Prevalence of Refractive Errors Among Schoolchildren in Rural Central Ethiopia
The aim of the present study was to assess the prevalence of refractive errors and visual impairment among schoolchildren in rural central Ethiopia.
4,238 (aged 7-18 years) were screened for refractive errors in 14 schools. In all participants, uncorrected vision and best corrected visual acuity were determined and those with a visual acuity of 6/12 or worse, underwent a complete ophthalmic examination to determine the cause of visual impairment.
405 children (9.5 per cent) were visually impaired and of these 267 children were diagnosed as having refractive errors, with an overall prevalence of 6.3 per cent, comprised of 6.1 per cent in boys and 6.6 per cent in girls.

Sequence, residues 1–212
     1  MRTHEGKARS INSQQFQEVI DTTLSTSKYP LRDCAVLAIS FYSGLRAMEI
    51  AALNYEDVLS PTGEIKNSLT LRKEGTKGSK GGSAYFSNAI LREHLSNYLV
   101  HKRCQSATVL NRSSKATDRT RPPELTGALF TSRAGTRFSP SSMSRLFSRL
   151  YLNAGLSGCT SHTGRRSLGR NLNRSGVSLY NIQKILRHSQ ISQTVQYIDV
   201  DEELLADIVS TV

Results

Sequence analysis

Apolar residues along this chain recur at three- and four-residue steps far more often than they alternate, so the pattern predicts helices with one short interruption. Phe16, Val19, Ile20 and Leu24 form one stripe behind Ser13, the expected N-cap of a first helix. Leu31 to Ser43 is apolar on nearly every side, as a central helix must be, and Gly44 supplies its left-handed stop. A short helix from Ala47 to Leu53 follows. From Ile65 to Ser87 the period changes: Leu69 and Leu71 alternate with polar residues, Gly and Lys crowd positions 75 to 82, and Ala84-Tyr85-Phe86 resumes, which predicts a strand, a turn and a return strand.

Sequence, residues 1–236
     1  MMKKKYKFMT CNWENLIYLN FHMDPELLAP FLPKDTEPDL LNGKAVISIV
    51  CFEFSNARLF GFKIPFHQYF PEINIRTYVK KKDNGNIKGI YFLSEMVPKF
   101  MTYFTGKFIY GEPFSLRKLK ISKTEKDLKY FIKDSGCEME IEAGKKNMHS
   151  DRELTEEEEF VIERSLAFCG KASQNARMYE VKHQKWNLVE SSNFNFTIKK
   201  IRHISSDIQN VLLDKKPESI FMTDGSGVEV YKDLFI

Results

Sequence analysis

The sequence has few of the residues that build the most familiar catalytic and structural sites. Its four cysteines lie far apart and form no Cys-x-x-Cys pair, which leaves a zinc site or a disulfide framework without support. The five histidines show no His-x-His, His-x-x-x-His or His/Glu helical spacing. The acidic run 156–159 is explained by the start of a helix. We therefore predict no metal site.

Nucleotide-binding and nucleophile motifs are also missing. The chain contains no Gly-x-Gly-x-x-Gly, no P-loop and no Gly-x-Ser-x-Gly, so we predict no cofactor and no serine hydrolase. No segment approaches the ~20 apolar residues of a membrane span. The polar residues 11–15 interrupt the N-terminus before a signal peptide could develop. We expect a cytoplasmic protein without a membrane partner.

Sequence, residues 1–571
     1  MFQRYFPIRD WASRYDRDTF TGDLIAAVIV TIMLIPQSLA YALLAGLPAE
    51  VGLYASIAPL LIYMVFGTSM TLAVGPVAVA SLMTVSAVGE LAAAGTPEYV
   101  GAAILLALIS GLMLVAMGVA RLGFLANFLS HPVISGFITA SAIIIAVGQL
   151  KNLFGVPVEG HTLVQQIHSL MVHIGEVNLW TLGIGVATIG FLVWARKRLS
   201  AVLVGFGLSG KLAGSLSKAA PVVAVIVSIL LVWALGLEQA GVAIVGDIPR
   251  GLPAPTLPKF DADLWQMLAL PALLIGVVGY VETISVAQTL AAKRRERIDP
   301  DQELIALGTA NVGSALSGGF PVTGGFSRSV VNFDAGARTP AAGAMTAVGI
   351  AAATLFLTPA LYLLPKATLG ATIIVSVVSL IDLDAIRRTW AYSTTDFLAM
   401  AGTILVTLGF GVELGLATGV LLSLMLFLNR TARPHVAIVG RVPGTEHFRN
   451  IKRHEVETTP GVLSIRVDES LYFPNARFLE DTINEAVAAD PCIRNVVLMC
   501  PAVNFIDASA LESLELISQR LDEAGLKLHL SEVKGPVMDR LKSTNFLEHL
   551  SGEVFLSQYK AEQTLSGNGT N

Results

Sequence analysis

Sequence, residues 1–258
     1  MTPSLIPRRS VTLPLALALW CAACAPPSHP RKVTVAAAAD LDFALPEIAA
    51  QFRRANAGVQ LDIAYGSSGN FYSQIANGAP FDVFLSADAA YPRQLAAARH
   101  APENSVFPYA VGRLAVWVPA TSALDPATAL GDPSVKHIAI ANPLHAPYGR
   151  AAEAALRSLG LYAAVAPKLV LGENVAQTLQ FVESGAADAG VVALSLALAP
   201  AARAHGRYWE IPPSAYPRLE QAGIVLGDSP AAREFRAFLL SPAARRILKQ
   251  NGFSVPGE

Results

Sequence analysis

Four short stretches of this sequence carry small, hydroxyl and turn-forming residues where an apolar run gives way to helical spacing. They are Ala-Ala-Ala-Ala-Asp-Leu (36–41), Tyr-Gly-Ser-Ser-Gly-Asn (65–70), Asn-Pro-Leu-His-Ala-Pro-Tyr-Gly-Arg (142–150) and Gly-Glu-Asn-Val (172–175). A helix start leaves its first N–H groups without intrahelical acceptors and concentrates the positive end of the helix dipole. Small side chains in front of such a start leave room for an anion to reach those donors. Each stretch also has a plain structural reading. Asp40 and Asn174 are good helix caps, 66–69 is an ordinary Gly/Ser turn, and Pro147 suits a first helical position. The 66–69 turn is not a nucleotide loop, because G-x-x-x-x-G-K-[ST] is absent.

Myopia is the most prevalent refractive error; accounting for 6.0 per cent, followed by compound myopic astigmatism 1.2 per cent, then simple myopic astigmatism 0.5 per cent, mixed astigmatism 0.26 per cent and finally hyperopia 0.33 per cent.
Reasons for visual acuity of 6/12 or worse in the better eye were found to be refractive error (65.9 per cent), corneal problems (12.8 per cent) and amblyopia (9.6 per cent). The prevalence of manifest strabismus in the study group was 1.1%.
The study concluded that uncorrected refractive error is a common cause of visual impairment among schoolchildren in rural central Ethiopia. This indicates the need for regular school-screening programs that provide glasses at low cost or free of charge for those who have refractive errors.